The simple fact is, undocumented immigrants have no real voice in this country, because if they speak up and identify themselves, they will immediately not only be discriminated against, but can also find themselves imprisoned, and/or deported. So it falls on advocacy groups that don’t have that fear to speak for them. To tell their stories. To explain what their needs are. It is a large and diverse group of people, despite what Republicans would have us think. It really results in immigration issues having ties to almost every other progressive issue in some way, and a discriminatory immigration policy could be just as harmful as the poor immigration policy we currently have. Immigration has an impact on labor, on taxation, on education, on health care, on national security, etc, etc. And another major thing it does impact is families. So we need something comprehensive, which takes as many variables into concern as possible.

  28. Psyspace says:

    John, I have to disagree with you here. Yes, I do think that immigration is a gay issue.

    You draw a comparison to multiple sclerosis which may impact gay people without being a gay issue. Let me ask you…what would it take for multiple sclerosis to be a gay issue? It would probably be a gay issue if it disproportionately struck gay people, if it was transmitted through gay or lesbian sex, or if ones homosexuality somehow impacted ones access to treatment. There was a time when I believed that breast cancer wasn’t a “gay or lesbian” issue until I learned about the increased incidence among lesbian women and particular challenges around healthcare. So yes, breast cancer is a gay issue. Abortion on the other hand is probably not (despite the fact that I am vehemently pro choice for other reasons).

    So…what about immigration? Of course UAFA is the most glaring issue…but given the threats that LGBT people face around the world…can’t you see a multitude of reasons why LGBT people may seek to immigrate legally or illegally? Many come to escape persecution, marry their partner, access HIV care, transition in terms of gender etc.? Yes, in the world that we unfortunately live in, immigration is an LGBT issue.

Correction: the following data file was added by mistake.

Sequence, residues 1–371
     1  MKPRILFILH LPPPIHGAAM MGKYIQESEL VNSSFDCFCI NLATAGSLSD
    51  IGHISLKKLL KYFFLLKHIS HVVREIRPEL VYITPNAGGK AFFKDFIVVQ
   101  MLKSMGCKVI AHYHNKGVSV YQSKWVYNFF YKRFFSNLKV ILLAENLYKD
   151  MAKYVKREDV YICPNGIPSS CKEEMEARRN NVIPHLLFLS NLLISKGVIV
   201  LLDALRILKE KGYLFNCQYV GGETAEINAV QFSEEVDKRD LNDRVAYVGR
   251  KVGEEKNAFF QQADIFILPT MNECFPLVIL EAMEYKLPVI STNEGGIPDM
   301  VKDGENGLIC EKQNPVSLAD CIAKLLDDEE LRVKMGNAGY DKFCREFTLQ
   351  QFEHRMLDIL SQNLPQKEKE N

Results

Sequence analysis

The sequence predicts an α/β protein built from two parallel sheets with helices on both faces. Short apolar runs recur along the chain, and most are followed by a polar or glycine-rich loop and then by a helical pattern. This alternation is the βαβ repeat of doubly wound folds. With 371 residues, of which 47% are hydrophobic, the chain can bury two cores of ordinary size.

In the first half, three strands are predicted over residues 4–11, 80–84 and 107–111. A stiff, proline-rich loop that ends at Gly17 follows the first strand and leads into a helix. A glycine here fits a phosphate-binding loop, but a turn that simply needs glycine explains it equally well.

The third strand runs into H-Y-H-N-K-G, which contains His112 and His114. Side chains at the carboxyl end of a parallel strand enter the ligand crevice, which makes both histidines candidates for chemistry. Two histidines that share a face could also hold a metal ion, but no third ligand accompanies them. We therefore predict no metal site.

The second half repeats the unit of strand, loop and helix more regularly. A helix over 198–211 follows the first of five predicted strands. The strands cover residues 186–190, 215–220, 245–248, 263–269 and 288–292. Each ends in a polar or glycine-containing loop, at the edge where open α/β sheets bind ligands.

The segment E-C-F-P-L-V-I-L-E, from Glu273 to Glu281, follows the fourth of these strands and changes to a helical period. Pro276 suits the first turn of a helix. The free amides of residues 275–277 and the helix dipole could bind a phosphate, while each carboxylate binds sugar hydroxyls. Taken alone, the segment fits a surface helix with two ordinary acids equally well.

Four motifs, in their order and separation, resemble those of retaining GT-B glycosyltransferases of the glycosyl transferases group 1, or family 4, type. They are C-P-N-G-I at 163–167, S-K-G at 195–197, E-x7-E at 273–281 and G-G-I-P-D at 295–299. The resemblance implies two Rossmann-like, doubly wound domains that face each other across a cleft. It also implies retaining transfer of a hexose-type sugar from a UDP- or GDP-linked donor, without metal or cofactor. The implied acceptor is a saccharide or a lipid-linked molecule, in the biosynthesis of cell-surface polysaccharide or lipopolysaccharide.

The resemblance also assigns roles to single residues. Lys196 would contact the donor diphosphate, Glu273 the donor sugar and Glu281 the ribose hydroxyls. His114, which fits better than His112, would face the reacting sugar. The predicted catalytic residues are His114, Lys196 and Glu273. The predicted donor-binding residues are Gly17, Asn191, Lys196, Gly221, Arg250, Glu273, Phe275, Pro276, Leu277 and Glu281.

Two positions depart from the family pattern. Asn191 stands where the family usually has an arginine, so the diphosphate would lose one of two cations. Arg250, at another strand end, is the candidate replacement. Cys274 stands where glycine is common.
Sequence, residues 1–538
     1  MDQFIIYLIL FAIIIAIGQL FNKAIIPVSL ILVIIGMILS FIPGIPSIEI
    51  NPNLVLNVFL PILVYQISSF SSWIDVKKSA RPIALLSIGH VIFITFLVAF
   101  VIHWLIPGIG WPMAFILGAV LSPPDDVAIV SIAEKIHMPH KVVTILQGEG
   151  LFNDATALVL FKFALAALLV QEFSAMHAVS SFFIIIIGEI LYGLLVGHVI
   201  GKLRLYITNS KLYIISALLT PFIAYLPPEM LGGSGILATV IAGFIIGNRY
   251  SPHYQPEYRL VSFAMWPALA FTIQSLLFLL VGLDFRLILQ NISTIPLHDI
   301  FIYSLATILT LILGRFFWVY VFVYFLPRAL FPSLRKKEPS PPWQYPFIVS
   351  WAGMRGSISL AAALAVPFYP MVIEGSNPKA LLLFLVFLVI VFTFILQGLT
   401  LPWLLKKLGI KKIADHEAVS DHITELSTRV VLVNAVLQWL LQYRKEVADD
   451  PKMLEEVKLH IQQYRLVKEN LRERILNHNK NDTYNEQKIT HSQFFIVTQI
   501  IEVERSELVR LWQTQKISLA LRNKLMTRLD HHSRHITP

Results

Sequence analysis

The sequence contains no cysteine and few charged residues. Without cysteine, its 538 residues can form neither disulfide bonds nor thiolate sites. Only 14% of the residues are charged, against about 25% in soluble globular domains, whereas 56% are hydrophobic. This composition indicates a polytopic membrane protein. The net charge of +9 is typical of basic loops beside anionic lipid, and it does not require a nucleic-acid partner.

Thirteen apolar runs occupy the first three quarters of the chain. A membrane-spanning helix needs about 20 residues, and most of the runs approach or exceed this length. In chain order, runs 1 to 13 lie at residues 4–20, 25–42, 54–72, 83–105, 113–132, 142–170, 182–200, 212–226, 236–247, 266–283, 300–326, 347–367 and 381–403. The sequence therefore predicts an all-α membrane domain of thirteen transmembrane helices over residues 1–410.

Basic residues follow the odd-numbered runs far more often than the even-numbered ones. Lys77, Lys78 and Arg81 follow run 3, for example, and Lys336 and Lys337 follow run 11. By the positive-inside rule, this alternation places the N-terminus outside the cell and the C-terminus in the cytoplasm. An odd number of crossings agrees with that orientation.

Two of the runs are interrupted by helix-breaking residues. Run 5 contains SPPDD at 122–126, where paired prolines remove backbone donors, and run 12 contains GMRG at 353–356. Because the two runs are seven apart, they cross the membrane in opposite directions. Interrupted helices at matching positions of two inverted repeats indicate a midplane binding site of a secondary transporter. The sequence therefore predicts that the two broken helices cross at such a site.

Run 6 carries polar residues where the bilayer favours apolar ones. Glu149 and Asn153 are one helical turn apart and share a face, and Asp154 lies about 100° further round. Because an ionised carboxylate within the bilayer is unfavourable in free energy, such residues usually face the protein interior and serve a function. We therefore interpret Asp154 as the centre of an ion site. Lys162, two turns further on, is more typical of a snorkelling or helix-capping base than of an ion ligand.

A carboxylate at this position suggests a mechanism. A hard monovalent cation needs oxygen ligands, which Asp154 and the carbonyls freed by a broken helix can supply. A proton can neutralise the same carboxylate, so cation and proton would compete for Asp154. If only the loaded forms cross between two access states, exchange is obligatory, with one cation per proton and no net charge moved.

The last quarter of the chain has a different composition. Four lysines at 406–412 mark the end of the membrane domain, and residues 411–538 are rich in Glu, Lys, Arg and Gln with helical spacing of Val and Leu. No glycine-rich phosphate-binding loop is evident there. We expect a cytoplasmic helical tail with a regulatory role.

29. Skeptical Cicada says:

    An issue is not a gay issue merely because some of the people affected are gay. Just about every issue affects some gay people because we are everywhere and in every population. Climate change, international trade, and road construction all affect gays, but they are not gay issues. They affect us the same as they affect anyone else. They don’t affect us specially or disproportionately. By the same token, immigration reform is not a gay issue merely because some undocumented immigrants are gay, assuming that a disproportionate number of them aren’t.

    Rather, an issue is a gay issue if it has a special or disproportionate impact on us as gays. On that view, however, immigration does qualify as a gay issue, in at least three ways:

    1. UAFA is a gay issue because the fact that gay Americans cannot sponsor their foreign spouses for immigration because of DOMA has a grossly disproportionate impact on gays. “Comprehensive” immigration reform is the time to address UAFA; otherwise, it will languish for years.

    2. Broader immigration reform is also a gay issue because every proposal for comprehensive reform includes draconian new enforcement mechanisms and entry restrictions. If UAFA is not included, those new enforcement and restriction provisions will have a disproportionate impact on bi-national gay couples, who could lose the deportation relief that the President has been able to provide under the more lenient existing law. Tightening enforcement without enacting UAFA makes things WORSE for bi-national gay couples.

    3. Broader immigration reform is also a gay issue because, even though the undocumented population may not be disproportionately gay, undocumented gays face greater burdens than undocumented straights, whether because of special risks to their health and safety if they are deported, because of lack of ability to gain access to legal status through marriage and procreation, or for some other reason. The plight of undocumented gays has some uniquely gay features to it–enough to make immigration reform a gay issue.

  30. Ryan says:

    Each person has a right to determine about what is the best use of their time, energy, and money. When someone shows up and says “My issue is the only one that matters. Give everything to my cause.” people are going to going to resent them.

  31. Ryan says: